Readable Web At AnEventApart, Boston

May 23, 2010

Boston, Massachusetts  Readable Web is getting out of the office this year. I’ll be attending and reporting on a wide variety of events.

Starting with:

AnEventApart, Boston

I’ve never attended one of Zeldman & Meyer’s traveling road shows before and I can’t wait. The event kicks off tonight with a meet and greet at the Westin Copley Hotel sponsored by Extensis who is here to preview their new web font service WebInk.

Over the next few days I’ll be posting pics, twittering, muttering, commenting about just how tall Jeff Veen really looks in person, and reporting on everything and anything that happens to spark an idea in my brain.

Details on this conference and upcoming Event Apart conferences here.

Update: After-Conference Thoughts

Call it what you want: web design, digital publishing, whatever – the problems exist on two levels.

Problem 1: Cutting The Bullshit

This problem is not unique to digital publishing but to all publishing: staying on message, staying focused, writing clearly, keeping it brief – all the trite truisms are just as true today as they were when David Ogilvy wrote Ogilvy On Advertising in 1983 and Rudolph Flesch wrote The Art Of Readable Writing in 1949. Nobody is going to give you or your product more than a passing glance. At least at first. Waste people’s time and they’re gone. Click.

This is why I perked up when Luke Wroblewski argued that you should design your small-screen mobile experience first and build your desktop experience from that kernel. I agree. Working from the inside out like that imposes a discipline that would probably not exist if you started with the desktop experience. And if you can’t seem to cut it all down to it’s essence for an iPhone or Android, it’s time to ask yourself why the site exists in the first place.

Problem 2: Re-Tasking Content For Different Devices And Screen Sizes

It used to be that the difference between user agents (browsers) was the thing that drove web authors crazy. Yes, there are still issues, but it’s easy to envision a time in the near future when that won’t be anything more than an occasional and minor annoyance. The monster facing us now is different devices and screen sizes. This is a tough one – and the mental tools publishers need are just beginning to coalesce.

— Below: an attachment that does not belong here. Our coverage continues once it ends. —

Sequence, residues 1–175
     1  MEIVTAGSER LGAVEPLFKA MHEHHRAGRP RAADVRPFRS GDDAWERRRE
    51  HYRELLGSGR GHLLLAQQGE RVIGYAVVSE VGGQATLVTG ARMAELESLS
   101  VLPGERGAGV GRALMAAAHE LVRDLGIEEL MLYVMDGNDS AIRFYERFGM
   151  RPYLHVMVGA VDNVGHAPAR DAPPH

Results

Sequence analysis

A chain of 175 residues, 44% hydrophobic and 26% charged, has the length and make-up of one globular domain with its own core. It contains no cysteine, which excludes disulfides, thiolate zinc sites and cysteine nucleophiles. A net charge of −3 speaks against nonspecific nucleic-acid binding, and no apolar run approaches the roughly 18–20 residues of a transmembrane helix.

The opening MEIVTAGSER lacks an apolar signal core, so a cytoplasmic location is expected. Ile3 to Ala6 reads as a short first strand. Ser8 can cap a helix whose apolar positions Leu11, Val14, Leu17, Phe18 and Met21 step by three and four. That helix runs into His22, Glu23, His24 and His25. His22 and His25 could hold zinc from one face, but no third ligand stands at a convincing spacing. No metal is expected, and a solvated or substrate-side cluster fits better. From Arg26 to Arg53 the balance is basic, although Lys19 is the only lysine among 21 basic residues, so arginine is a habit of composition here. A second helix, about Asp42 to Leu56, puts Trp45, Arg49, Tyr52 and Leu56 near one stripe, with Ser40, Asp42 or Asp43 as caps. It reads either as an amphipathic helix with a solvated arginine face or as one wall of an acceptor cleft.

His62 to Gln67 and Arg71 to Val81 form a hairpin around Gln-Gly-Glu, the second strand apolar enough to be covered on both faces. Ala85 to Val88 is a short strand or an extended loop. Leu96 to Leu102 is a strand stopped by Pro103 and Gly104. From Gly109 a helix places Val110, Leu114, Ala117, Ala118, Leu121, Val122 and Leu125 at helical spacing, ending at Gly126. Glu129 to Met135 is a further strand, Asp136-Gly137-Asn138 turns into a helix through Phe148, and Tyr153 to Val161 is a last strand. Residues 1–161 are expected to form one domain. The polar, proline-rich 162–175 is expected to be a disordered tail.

Recently, on, designer John Hudson made the observation that, to him, websites in general resembled scrapbooks. For some reason I’ve been thinking about that comment a lot and finally realized why: minus the negative connotations of the word “scrap”, they are scrapbooks. Chunks of information being fed in and out from disparate sources on the network and placed together on the same “page”. The equivalent of taking chunks of five or six pages of a book or magazine and pasting them together. Even in an era of relatively high resolution screens this will still be the case. Content must be chunked so it can reflow into its container. And connectedness is a requirement – the idea of an “e-book” on an “e-reader” disconnected from the net is already preposterous – even though we’ll be living with that situation for some time to come.

I got a new TV delivered today. It’s connected to the network, too. A TV with web apps. A giant iPad. Who’d a thunk?

And, oh, yeah. Just to cap off AnEventApart, Boston:

How Tall Is Jeffrey Veen?

Meeting Jeff Veen in person was a bit of a shock, really. For a guy who writes and speaks about all this web stuff, turns out the guy’s tall enough to be my father!


Oops, Capped Off Too Soon

[A Bit More On An EventApart, Boston] Here’s a nice roundup of the event called Themes From AnEventApart Boston with a link also, to Luke Wroblewski’s extensive notes from the conference. Also, Luke and the concept of “Mobile First” gets a treatment on the Big Web Show.

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